Leder has generated most of the donations needed for the project. Gifts have come in all sizes, he said, "from $18 to $36 million." Donors included philanthropist Tony Pritzker, real estate magnate Fred Sands, investment guru Stanley Gold, entrepreneurs Stewart and Lynda Resnick, and Erika J. Glazer, the daughter of shopping mall developer Guilford Glazer. She pledged $30 million over the next 15 years, and the Wilshire campus has been named in her honor.
Martha Karsh, a temple member, said she and her husband, Bruce, supported preserving the sanctuary but also "believe deeply in the Jewish value of tikkun olam -- healing the world by helping those less fortunate -- and we wanted to support our temple's community outreach as well." The Karshes donated $5 million to build the Karsh Family Tikkun Olam Center, which will house the social services. (Bruce Karsh is chairman of Tribune Co., owner of the Los Angeles Times, and co-founder of L.A. investment firm Oaktree Capital Management, the largest single holder of Tribune stock.)
For The Record
Los Angeles Times Sunday, September 08, 2013 Home Edition Main News Part A Page 4 News Desk 1 inches; 56 words Type of Material: Correction
Wilshire Boulevard Temple: In the Sept. 6 Section A, an article about Wilshire Boulevard Temple's restoration and plans to engage more with its Koreatown neighborhood said that Rabbi Susan Goldberg runs East Side Jews, a group putting a new spin on Jewish traditions. Goldberg is the group's rabbi in residence. She does not run the program.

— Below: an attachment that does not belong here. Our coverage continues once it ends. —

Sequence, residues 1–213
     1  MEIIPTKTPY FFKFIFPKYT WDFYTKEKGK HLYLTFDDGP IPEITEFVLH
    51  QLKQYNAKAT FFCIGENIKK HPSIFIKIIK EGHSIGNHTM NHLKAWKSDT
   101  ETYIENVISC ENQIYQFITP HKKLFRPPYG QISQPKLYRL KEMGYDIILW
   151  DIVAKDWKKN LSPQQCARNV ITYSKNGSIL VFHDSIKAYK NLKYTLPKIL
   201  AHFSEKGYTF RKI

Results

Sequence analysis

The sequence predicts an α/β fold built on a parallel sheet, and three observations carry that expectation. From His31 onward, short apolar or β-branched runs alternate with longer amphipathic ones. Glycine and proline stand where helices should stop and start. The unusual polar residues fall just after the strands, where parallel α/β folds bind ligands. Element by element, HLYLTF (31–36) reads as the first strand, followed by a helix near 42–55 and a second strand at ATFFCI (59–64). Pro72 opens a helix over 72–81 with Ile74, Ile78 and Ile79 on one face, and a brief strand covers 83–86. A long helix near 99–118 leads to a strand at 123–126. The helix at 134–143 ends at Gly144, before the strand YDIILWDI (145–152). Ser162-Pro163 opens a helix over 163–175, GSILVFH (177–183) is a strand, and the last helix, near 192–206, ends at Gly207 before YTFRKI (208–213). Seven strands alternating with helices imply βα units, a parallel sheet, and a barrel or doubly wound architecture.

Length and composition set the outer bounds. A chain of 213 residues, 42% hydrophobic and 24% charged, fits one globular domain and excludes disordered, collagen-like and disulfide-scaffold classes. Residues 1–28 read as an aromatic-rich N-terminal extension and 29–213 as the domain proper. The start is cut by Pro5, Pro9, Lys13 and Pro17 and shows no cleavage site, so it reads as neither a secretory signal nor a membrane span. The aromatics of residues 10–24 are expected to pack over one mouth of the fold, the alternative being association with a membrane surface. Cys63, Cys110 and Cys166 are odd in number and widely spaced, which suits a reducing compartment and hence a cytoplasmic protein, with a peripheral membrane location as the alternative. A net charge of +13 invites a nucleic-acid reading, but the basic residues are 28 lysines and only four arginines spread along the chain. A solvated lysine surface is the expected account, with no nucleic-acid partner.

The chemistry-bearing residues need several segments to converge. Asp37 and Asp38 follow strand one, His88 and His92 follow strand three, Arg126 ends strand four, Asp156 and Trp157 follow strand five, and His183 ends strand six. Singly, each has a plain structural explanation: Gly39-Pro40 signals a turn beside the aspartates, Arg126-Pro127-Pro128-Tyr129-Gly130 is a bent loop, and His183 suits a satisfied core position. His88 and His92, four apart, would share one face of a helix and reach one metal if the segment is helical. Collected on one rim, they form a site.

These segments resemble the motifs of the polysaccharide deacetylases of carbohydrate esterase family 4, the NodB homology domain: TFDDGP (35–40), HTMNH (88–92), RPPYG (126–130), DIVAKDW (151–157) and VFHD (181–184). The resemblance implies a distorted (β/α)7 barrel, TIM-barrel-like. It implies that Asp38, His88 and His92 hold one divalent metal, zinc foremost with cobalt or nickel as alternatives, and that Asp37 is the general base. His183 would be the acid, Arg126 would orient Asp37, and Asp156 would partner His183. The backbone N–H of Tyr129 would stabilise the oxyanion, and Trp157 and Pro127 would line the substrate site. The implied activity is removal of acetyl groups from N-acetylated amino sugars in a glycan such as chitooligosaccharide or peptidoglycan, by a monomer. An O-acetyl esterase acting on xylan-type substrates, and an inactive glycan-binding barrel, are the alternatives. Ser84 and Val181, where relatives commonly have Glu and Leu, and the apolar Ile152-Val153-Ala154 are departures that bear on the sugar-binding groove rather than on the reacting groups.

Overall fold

Leder, who had surgery for a herniated disc 10 days before preaching at Rosh Hashana services Wednesday, said he had high hopes for the expanded nursery school and the new elementary school, which will serve families raising Jewish children. "It's the young who bring the elders into a tribe," he said. "The children are ... bringing the parents back into Jewish life."
In the last couple of years, he said, the temple has added perhaps 80 families, most of which were previously unaffiliated with another religious institution. (Last year, with construction going on, the temple held its High Holy Days at the Dorothy Chandler Pavilion).
The temple recently hired Rabbi Susan Goldberg, who was at Temple Beth Israel in Highland Park and runs Eastside Jews in Silver Lake, a group putting a new spin on Jewish traditions. Part of her charge is to revamp worship at the Wilshire campus.
"There is a waking up on the east side of town," Goldberg said. "People are looking for new models. My coming to Wilshire Boulevard Temple was about the temple's saying: 'We are here in this community, and we want to be connected to all these neighborhoods.'"